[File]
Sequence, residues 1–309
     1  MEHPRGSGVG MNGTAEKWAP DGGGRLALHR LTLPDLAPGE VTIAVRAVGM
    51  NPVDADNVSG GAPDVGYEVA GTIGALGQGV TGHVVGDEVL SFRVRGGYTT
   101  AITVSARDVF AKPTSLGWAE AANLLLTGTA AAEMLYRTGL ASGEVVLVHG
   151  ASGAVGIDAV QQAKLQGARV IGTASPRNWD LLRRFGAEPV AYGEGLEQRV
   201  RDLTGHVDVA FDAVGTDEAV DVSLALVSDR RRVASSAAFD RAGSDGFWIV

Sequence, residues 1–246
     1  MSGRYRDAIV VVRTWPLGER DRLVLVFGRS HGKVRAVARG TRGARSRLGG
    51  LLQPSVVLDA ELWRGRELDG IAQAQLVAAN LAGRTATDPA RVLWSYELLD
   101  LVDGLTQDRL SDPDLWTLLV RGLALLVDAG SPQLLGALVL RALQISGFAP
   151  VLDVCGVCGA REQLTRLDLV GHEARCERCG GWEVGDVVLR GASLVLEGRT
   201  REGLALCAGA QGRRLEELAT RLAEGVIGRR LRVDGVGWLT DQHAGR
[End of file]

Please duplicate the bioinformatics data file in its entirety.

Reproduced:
Sequence, residues 1–309
     1  MEHPRGSGVG MNGTAEKWAP DGGGRLALHR LTLPDLAPGE VTIAVRAVGM
    51  NPVDADNVSG GAPDVGYEVA GTIGALGQGV TGHVVGDEVL SFRVRGGYTT
   101  AITVSARDVF AKPTSLGWAE AANLLLTGTA AAEMLYRTGL ASGEVVLVHG
   151  ASGAVGIDAV QQAKLQGARV IGTASPRNWD LLRRFGAEPV AYGEGLEQRV
   201  RDLTGHVDVA FDAVGTDEAV DVSLALVSDR RRVASSAAFD RAGSDGFWIV

Sequence, residues 1–246
     1  MSGRYRDAIV VVRTWPLGER DRLVLVFGRS HGKVRAVARG TRGARSRLGG
    51  LLQPSVVLDA ELWRGRELDG IAQAQLVAAN LAGRTATDPA RVLWSYELLD
   101  LVDGLTQDRL SDPDLWTLLV RGLALLVDAG SPQLLGALVL RALQISGFAP
   151  VLDVCGVCGA REQLTRLDLV GHEARCERCG GWEVGDVVLR GASLVLEGRT
   201  REGLALCAGA QGRRLEELAT RLAEGVIGRR LRVDGVGWLT DQHAGR